LERWICK Port Authority has awarded a £4.6 million contract to Shetland civil engineering firm Tulloch Developments to create a new deepwater berth to handle deep sea oil and gas vessels working in the north Atlantic.
Two years ago the port deepened its northern entrance to nine metres to accommodate the growing number of super-sized support ships working in the Atlantic margin oil and gas fields west of Shetland.
The contract, which should begin early in the new year and take 12 months to complete, will involve deepening two other berths at the Greenhead Base giving the port a continuous 345 metres of berthing to nine metres depth.
Port chief executive Sandra Laurenson said the existing deepwater berth was very popular with the new generation of offshore construction and ping support vessels, and Shetland was well placed to make the most of this growing market.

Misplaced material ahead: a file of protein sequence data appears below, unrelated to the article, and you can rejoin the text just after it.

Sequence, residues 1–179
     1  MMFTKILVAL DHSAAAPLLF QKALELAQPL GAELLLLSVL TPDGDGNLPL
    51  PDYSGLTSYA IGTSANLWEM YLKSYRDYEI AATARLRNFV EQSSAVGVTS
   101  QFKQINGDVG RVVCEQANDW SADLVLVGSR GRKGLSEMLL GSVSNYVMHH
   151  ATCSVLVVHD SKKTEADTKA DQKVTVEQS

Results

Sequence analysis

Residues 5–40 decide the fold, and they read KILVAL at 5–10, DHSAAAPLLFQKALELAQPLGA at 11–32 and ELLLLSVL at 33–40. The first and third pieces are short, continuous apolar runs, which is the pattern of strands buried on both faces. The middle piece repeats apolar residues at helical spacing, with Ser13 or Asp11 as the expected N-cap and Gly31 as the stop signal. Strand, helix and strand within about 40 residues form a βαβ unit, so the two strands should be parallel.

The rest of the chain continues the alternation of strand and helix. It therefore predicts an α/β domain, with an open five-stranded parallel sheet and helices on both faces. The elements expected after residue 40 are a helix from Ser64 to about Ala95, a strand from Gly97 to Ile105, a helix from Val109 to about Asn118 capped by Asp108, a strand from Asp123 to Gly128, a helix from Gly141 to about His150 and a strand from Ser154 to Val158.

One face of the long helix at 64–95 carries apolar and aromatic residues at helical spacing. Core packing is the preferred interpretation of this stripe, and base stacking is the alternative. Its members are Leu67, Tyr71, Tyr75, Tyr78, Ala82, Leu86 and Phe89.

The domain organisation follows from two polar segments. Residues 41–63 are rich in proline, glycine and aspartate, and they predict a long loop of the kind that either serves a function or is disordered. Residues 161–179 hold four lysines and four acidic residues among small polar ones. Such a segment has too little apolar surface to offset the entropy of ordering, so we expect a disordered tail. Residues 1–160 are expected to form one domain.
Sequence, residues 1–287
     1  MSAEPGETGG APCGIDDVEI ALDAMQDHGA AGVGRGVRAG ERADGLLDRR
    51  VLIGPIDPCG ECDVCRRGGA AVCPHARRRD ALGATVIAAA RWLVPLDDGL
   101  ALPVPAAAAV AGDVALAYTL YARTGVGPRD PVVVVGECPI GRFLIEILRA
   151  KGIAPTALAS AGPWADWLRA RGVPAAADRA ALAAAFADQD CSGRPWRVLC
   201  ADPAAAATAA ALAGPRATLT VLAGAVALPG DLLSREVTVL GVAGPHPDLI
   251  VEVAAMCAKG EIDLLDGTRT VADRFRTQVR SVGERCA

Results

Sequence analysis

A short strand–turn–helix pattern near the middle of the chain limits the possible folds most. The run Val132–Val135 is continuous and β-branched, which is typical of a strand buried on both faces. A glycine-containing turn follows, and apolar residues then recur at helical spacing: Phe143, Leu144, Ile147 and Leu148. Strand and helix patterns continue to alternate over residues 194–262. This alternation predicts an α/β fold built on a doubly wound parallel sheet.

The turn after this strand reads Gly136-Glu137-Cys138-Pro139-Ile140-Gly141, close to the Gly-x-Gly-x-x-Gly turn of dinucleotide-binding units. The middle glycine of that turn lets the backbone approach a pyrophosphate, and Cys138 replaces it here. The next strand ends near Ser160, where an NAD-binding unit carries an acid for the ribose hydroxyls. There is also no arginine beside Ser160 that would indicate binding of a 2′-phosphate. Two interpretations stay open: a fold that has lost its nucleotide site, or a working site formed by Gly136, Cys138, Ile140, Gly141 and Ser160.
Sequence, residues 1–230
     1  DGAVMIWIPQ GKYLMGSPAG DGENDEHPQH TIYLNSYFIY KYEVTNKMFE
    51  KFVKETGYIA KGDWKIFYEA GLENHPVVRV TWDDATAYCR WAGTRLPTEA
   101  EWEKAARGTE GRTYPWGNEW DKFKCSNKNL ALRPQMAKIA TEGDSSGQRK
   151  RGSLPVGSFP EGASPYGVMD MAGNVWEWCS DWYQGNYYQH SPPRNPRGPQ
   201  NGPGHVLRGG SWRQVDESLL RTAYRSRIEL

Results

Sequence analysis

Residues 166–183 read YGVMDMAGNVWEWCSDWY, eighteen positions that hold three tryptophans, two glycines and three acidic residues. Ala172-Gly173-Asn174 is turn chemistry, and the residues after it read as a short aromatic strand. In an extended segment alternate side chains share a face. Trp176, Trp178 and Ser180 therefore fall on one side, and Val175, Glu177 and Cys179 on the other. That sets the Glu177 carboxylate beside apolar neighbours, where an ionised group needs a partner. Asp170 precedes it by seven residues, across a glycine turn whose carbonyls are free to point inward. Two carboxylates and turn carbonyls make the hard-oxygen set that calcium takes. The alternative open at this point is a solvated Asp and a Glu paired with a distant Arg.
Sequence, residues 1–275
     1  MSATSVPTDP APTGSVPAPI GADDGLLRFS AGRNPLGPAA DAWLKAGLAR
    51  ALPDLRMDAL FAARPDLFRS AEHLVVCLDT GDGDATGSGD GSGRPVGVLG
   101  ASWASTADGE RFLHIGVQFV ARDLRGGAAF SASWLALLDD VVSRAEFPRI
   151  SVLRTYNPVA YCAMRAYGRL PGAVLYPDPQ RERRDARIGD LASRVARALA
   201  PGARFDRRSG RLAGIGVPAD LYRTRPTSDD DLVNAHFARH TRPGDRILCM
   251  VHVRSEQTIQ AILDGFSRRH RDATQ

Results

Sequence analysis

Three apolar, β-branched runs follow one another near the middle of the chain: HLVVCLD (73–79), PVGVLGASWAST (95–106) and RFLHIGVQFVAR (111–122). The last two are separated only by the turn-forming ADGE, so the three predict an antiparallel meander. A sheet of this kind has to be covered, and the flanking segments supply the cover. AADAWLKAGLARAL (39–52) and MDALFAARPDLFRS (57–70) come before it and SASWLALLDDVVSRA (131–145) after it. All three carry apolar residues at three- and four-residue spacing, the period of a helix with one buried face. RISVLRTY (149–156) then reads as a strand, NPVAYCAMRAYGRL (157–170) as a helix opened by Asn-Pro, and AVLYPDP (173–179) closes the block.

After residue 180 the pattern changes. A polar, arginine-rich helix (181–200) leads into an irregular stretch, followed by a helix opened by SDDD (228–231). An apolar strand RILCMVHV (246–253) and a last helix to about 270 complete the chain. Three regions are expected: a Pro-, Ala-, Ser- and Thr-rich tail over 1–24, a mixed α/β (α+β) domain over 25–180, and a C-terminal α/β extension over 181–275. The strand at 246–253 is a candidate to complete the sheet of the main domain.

A lot of new ships are being built to work in the very deep waters north and west of the islands, now that the North Sea oil and gas fields were diminishing.
“We have already won some of this business in previous years and it looks like it is increasing,” Ms Laurenson said.
The deepwater berth is the first phase of the port’s next stage of development, which includes a new fish market and a working area for decommissioning and offshore renewables at Dales Voe.
The port has put in a bid for European funding to build a new fishmarket at Mair’s Yard, which it hopes to commence work on next year.
The port has had to extend its borrowings from banks to pay for the developments after losing £5.25 million when Shetland Islands Council took out an interim interdict to stop initial dredging of Lerwick harbour in 2005.
The interdict was eventually lifted but the port had to look for a new contractor to carry out the work and pay compensation to the original dredging firm.
The port and the council are currently awaiting a hearing in the Court of Session to resolve the issue of costs.
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